The oversized community has been all abuzz since last week’s announcement from no-frills Southwest Airlines: When a flight is fully booked, anyone possessing a rear end wider than a single seat will have to pay for two. Though the company has had that policy for 20 years, it now plans to be more consistent about enforcing it.
Sounds fair to me: Take up extra space, pay more. And like many things that are strictly “fair,” it’s also a bit insensitive. But to hear it from some fat activists, such a policy isn’t fair at all. It’s downright discriminatory. In fact, being fat in America today has been compared to being a black in America in the 1960s.
Here’s the executive director of the American Obesity Association, talking about Southwest’s policy with the Guardian: “It’s a return to the worst kind of discrimination. It’s like putting African-Americans at the back of the bus.” She also mentioned that her group would look to the feds for relief from such policies.
The civil rights movement comparison also pops up on the website of the National Association to Advance Fat Acceptance, on a page intended to convince the overweight not to diet. Dieters, we find out, are not only foolhardy but craven, too: “You probably will receive better treatment if you get thinner, but this is an individual personal solution to a general societal problem. Where would the civil rights movement be today if African Americans were still searching for the perfect skin lightening cream or hair straightener?” Rather than change yourself, says NAAFA, “why not change other people’s attitudes or challenge a few laws?”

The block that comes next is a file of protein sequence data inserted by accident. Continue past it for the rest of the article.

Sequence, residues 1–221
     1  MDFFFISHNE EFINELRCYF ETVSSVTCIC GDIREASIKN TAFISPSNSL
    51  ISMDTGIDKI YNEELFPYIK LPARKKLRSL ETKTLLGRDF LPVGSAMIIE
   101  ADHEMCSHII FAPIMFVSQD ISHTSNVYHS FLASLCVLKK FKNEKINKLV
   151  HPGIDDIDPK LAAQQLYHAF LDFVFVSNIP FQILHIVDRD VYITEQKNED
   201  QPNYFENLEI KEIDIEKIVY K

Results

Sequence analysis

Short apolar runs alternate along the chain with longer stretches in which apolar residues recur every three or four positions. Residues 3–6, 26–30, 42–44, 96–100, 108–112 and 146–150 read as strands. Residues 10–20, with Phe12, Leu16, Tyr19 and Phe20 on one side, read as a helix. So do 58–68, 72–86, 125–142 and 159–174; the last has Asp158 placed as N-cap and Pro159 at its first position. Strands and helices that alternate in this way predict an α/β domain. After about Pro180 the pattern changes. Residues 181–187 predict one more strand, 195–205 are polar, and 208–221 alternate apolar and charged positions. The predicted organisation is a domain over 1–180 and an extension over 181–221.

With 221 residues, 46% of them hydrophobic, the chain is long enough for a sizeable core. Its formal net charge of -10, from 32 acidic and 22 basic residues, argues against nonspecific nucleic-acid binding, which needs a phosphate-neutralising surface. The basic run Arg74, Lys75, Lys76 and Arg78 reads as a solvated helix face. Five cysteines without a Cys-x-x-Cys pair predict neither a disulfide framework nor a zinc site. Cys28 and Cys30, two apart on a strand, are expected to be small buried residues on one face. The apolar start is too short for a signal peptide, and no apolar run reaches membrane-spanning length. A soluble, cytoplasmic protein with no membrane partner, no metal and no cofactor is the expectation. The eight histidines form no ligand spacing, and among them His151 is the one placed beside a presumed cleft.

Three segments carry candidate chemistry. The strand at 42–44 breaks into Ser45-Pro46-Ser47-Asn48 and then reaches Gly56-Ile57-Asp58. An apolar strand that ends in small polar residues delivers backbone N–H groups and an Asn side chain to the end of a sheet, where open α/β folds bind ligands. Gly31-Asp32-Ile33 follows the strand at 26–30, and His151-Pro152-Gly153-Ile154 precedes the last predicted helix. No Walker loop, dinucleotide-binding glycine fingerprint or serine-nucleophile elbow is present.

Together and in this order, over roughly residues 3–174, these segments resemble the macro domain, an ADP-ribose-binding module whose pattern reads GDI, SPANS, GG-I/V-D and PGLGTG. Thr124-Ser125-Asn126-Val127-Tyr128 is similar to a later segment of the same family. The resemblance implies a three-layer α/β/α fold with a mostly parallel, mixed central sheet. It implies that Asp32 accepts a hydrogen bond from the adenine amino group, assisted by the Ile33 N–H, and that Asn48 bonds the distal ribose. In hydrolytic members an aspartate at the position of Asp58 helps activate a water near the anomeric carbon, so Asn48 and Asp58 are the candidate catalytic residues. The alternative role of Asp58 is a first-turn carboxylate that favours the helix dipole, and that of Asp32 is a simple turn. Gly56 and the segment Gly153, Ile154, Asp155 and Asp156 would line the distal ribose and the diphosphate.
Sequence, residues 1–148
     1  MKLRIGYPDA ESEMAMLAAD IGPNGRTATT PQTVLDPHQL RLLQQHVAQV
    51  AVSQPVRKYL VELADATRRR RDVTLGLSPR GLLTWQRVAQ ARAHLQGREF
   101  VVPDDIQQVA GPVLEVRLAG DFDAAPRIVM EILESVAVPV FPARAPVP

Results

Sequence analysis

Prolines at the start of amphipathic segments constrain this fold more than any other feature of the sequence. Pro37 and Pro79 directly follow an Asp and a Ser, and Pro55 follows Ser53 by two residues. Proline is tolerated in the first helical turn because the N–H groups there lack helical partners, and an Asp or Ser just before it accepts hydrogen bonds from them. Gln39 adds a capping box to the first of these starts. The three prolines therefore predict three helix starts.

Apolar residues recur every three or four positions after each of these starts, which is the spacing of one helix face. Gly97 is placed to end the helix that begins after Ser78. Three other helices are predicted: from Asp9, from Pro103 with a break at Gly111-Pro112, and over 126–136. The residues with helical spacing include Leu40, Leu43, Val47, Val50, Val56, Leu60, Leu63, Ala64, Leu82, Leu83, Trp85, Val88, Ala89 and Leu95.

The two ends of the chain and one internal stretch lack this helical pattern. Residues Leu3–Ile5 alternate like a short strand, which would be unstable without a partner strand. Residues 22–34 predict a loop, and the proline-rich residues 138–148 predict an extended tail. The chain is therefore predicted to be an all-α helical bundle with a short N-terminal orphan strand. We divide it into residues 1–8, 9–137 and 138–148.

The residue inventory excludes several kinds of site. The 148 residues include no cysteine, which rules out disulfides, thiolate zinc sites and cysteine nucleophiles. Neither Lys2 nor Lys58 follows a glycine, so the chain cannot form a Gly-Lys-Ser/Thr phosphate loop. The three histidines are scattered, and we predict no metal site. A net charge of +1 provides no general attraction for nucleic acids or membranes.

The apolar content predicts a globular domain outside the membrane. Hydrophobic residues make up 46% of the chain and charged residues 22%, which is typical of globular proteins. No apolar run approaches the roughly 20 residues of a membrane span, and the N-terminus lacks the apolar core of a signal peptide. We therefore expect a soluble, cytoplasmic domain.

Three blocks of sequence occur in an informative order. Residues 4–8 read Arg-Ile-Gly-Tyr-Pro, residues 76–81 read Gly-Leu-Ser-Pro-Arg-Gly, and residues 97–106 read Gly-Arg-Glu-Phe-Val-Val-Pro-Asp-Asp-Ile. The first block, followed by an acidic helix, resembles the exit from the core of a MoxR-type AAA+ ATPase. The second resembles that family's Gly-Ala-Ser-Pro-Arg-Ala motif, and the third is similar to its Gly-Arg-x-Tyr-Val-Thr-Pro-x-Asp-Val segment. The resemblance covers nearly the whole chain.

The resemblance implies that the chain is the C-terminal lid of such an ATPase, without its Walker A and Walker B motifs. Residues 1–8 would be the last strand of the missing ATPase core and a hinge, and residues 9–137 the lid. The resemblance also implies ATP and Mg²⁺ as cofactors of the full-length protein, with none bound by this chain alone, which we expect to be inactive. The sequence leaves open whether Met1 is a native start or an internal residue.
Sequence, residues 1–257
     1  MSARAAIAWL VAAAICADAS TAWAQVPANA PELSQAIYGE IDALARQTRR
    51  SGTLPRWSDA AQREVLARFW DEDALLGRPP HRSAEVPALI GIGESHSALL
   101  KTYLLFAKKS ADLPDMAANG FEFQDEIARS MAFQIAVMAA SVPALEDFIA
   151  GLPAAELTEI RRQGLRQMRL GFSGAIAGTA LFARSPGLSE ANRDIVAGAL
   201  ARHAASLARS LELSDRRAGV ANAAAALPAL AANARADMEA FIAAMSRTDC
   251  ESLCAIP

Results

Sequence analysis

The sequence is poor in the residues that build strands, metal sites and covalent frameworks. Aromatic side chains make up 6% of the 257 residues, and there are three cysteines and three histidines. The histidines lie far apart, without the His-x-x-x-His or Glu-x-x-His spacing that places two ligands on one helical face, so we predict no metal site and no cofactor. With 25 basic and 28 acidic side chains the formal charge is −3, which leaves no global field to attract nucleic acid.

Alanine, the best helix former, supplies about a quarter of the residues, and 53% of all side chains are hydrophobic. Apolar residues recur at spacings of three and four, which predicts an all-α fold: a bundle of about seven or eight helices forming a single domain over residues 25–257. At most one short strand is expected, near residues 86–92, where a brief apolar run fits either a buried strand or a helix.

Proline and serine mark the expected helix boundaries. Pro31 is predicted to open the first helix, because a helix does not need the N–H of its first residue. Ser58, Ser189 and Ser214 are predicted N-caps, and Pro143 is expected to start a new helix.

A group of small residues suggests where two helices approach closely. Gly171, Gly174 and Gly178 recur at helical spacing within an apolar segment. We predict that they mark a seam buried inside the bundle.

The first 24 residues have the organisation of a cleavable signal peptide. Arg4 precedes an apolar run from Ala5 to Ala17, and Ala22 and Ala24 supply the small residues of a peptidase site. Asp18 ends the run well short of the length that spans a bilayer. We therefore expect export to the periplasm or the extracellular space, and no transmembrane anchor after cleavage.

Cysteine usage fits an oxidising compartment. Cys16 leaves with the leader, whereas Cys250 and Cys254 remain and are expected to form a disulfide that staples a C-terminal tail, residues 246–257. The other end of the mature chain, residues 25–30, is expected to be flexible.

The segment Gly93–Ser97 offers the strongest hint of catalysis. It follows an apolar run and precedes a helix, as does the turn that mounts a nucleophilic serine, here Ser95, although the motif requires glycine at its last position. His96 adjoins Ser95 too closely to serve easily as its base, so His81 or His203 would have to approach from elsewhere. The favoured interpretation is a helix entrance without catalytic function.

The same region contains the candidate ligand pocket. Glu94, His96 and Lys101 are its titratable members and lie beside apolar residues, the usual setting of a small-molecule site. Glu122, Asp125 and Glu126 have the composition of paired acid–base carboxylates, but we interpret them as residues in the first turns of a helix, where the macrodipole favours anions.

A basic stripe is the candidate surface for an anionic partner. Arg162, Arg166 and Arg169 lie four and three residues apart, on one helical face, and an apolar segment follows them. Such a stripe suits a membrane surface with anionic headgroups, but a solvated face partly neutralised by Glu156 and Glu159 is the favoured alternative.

People, please: If kinky hair were all black Americans had to worry about, there might never have been a civil rights movement. But beyond that, there’s a second problem with the comparison: a major wing of the fat activism movement wants obesity classified as a disease, suggesting that the fat are powerless to control their expanding bellies. In fact, it’s in the AOA’s mission statement: to “move society to re-conceptualize obesity as a disease” and “to fashion appropriate strategies to deal with the epidemic.” (NAAFA meanwhile seeks to end fat discrimination by getting the fat and everyone else to embrace their rolls — both kinds — as natural and good.) Rhetorically, it seems a little irresponsible to classify obesity as a disease — i.e., something nasty to be eradicated — and then compare it to the historical plight of black Americans.
The old cliché “you can’t have your cake and eat it too” is especially apropos here. Demanding that society share the burden of girth isn’t going to kick the discrimination problem — it’s going to exacerbate it. First, it invites the professional nags to interfere with people’s eating habits and health care decisions. But almost worse, it hastens the humiliating scorn of the cramped, irritable airline passenger who either has to share some of his seat or watch while a fat customer sprawls out over two chairs for the price of one.
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